Simple Stoic Advice

On Impediments and Wills

Photo by Brett Jordan on Unsplash

The beautiful thing about Stoic philosophy is the advice contained within it is just as applicable today as it was when it was first written all those many years ago. We can learn a great deal from interpreting the advice provided and using it to our advantage as we go throughout our own lives.

Today’s quote comes to us courtesy of Epictetus in his Enchiridion, entry nine (translation from How to be Free):


“Sickness is an impediment to the body, but not to the will unless the will wants to be impeded. Lameness is an impediment to the leg, but not to the will. If you tell yourself this at every occurrence, you will find the impediment is to something else but not to yourself.”


There is a story found in the writings of Origen that is meant to show how Epictetus became lame. It has been documented that at some point in his life, Epictetus had a problem with his leg and could no longer walk normally. Origen narrates a harrowing story of how Epictetus’ master (Epictetus was a slave for almost half of his life) sought to torture Epictetus through the twisting of his leg.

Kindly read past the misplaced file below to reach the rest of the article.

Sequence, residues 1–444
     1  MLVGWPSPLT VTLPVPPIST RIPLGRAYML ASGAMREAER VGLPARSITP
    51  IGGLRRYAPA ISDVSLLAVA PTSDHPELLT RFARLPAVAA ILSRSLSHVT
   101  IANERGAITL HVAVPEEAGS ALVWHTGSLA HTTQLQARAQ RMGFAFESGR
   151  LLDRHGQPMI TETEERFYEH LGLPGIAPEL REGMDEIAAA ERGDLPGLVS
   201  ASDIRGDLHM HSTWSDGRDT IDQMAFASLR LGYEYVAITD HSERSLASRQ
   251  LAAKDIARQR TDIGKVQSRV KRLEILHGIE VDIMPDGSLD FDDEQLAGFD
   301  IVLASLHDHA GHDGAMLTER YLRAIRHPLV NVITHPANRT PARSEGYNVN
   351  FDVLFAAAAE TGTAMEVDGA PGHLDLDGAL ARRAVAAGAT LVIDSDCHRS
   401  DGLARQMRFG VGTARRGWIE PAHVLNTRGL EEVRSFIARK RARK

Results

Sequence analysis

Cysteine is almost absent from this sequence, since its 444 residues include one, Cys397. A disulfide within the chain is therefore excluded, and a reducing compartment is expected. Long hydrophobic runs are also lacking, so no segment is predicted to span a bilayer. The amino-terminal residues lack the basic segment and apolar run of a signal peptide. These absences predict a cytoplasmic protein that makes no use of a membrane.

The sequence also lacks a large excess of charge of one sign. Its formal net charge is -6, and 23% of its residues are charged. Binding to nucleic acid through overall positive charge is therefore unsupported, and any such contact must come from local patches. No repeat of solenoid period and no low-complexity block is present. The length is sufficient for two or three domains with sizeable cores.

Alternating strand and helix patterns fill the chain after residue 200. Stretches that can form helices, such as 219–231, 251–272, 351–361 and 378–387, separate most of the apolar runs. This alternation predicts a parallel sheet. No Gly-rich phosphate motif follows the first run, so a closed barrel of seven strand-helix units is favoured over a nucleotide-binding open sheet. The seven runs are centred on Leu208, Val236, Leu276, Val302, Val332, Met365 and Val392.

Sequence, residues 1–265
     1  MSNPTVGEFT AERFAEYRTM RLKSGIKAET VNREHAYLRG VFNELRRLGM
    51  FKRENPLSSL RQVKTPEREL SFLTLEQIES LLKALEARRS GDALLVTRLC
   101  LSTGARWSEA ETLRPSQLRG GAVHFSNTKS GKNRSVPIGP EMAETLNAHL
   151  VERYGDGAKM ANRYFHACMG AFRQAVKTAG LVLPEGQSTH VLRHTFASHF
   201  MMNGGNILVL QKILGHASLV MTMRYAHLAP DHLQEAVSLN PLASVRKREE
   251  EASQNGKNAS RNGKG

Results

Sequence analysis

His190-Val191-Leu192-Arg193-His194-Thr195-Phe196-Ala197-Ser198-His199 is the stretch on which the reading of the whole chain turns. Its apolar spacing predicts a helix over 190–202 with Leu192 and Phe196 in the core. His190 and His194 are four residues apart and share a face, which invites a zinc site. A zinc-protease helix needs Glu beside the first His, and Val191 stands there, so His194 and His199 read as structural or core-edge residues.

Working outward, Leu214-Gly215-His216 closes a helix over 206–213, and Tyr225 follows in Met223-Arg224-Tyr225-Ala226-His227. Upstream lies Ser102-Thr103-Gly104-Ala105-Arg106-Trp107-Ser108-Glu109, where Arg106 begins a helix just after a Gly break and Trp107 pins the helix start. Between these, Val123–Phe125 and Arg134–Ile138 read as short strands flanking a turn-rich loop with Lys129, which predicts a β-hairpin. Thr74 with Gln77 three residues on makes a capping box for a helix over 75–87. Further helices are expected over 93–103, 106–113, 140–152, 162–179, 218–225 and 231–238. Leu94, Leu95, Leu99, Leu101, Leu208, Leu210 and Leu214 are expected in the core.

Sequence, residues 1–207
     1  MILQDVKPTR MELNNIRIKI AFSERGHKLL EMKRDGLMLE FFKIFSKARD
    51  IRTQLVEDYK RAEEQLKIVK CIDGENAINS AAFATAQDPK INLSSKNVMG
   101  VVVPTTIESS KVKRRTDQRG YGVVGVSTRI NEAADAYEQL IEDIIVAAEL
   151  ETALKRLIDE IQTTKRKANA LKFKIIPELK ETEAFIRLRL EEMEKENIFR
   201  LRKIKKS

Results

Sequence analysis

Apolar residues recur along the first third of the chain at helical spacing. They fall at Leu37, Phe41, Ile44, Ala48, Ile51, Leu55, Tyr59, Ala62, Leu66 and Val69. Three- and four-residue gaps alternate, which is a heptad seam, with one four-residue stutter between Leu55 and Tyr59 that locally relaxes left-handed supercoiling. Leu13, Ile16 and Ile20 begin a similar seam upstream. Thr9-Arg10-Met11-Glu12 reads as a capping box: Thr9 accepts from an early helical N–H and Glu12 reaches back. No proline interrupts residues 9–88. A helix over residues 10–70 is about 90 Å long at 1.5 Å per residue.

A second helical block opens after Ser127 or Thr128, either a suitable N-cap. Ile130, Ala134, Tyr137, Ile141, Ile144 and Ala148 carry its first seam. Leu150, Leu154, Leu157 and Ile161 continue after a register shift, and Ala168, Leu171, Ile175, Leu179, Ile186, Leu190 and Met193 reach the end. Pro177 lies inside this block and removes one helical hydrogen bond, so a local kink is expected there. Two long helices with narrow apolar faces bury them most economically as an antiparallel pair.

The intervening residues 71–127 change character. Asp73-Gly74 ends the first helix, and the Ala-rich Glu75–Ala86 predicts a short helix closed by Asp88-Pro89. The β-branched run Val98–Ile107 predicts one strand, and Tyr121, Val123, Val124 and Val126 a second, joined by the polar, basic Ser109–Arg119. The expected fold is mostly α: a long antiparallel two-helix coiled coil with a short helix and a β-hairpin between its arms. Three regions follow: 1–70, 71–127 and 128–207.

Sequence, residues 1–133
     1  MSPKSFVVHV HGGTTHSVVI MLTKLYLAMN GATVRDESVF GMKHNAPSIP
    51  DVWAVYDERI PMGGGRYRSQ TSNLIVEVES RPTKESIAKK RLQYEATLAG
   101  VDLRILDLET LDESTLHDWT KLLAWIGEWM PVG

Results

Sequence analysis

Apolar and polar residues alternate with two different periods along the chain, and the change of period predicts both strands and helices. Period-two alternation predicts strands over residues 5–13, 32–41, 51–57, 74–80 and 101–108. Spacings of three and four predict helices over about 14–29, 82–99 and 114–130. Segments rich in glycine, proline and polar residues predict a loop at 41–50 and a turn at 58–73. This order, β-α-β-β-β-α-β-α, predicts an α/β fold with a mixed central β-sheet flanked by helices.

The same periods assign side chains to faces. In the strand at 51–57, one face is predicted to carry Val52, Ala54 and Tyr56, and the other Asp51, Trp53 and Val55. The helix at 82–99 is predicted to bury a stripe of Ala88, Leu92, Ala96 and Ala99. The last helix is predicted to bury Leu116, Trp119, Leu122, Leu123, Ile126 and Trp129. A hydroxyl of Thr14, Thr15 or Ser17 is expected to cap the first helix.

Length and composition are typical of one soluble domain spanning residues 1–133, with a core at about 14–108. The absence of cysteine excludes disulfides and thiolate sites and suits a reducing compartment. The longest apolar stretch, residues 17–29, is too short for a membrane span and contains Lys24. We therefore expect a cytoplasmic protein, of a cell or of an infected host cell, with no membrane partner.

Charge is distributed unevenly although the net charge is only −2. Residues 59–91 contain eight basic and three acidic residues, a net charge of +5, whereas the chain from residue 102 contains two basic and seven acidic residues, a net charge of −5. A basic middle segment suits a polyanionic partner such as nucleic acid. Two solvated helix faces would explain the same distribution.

Origen recounts that Epictetus’ master, grabbing him by the leg, began twisting in an effort to cause Epictetus pain:

“If you keep twisting,” Epictetus is said to have spoken to his master, “you will break my leg.” Upon hearing this, the master twisted more until the leg broke. Epictetus is said to have remained calm and stated to his master: “Did I not tell you so?”

The idea that we cannot allow our bodies to dictate our mind is a theme amongst Stoicism. What Epictetus is attempting to teach his students in the above passage is that we have the ability to choose what we do. There will always be things in our way attempting to prevent us from reaching our goals. We do not have full control of our fates, but we do have the ability to hold ourselves accountable to the actions we take in the circumstances we are faced with.

Marcus Aurelius wrote to himself in Meditations:

“The impediment to action advances action. What stands in the way becomes the way.”

We choose how we proceed in life. We choose if we allow our bodies to dictate what we can do. We choose whether the obstacle before us is a setback or a time to learn and grow.

To see a current day version of using your mind over your body’s limitations, see Kyle Maynard and his assent of Mount Kilimanjaro.

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